Early Andronovo intrusion in the Eastern Tianshan


Recent paper (behind paywall) The Baigetuobie cemetery: New discovery and human genetic features of Andronovo community’s diffusion to the Eastern Tianshan Mountains (1800–1500 BC), by Zhu, Zhang, et al. The Holocene (2020).

Interesting excerpts (emphasis mine):

The Baigetuobie cemetery (Balikun County, Hami City) is located on the eastern slope of the Baigetuobie Mountains, about 54 km west of the Balikun County and 40 km southwest of the Balikun Lake.

Baigetuobie cemetery

The cemetery is relatively small in scale and the burials are rather concentrated. The graves are marked on the surface by stone slabs visible from approximately 0.05 to

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Proto-Tocharians: From Afanasievo to the Tarim Basin through the Tian Shan


A reader commented recently that there is little information about Indo-Europeans from Central and East Asia in this blog. Regardless of the scarce archaeological data compared to European prehistory, I think it is premature to write anything detailed about population movements of Indo-Iranians in Asia, especially now that we are awaiting the updates of Narasimhan et al (2018).

Furthermore, there was little hope that Tocharians would be different than neighbouring Andronovo-like populations (see a recent post on my predicted varied admixture of Common Tocharians), so the history of both unrelated Late PIE languages would have had to be … Read the rest “Proto-Tocharians: From Afanasievo to the Tarim Basin through the Tian Shan”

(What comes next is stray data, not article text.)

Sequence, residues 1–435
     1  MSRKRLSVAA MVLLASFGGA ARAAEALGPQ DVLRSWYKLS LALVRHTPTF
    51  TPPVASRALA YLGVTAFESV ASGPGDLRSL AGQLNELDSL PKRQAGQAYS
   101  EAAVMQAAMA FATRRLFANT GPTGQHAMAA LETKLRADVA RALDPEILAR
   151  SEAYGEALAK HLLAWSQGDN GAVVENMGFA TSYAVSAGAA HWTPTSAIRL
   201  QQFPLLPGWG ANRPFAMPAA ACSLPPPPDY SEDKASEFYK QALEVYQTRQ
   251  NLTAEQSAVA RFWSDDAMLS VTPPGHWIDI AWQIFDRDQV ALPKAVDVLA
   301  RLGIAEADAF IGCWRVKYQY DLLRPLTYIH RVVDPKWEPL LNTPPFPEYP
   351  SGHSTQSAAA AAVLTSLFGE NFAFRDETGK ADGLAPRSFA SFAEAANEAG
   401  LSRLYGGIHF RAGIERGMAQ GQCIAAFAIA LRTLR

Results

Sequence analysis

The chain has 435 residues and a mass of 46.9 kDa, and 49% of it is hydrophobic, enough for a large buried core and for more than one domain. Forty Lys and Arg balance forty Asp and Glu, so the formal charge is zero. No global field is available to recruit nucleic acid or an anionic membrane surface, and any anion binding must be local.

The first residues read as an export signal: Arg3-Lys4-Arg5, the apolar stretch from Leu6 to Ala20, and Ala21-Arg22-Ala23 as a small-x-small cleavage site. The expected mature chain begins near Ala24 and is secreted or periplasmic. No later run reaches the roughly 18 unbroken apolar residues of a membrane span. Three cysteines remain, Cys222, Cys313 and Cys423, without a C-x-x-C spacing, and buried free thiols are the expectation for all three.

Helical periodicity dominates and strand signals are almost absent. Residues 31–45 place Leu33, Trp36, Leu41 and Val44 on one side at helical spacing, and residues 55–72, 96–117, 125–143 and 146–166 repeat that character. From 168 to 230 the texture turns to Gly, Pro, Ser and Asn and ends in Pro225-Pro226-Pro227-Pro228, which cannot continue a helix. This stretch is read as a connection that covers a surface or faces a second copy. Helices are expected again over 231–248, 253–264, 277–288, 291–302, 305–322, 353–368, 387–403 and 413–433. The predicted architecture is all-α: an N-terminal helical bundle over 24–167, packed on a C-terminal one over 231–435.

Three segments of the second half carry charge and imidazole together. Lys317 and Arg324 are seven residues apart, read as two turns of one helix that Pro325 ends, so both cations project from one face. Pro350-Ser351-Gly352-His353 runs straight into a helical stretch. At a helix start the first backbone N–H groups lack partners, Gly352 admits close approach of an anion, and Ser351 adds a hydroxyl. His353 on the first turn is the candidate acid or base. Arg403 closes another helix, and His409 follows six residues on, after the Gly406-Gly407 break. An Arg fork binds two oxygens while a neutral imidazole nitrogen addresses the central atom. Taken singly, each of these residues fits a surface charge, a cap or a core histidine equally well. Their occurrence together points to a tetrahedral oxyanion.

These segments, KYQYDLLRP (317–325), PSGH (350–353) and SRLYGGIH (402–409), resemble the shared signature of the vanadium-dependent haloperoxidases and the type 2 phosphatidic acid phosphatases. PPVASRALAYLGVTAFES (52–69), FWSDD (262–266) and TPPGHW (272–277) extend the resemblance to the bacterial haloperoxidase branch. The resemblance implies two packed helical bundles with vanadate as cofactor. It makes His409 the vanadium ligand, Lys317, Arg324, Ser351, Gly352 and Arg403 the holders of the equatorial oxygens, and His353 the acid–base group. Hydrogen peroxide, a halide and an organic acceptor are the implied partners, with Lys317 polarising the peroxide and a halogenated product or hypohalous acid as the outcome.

Bronze Age cultures in the Tarim Basin and the elusive Proto-Tocharians


Master’s thesis Shifting Memories: Burial Practices and Cultural Interaction in Bronze Age China: A study of the Xiaohe-Gumugou cemeteries in the Tarim Basin, by Yunyun Yang, Uppsala University, Department of Archaeology and Ancient History (2019).

Summary excerpts, mainly from the conclusions (emphasis mine):

Both the Xiaohe and the Gumugou groups are suggested as possibly originating from southern Siberia or Central Asia and being related to Afanasievo and Andronovo people (Han 1986, 1994; Li et al. 2010, 2015). But a latest research suggest that the Xiaohe males are genetic distinct from the Afanasievo males, considering the paternal lineages (Hollard et

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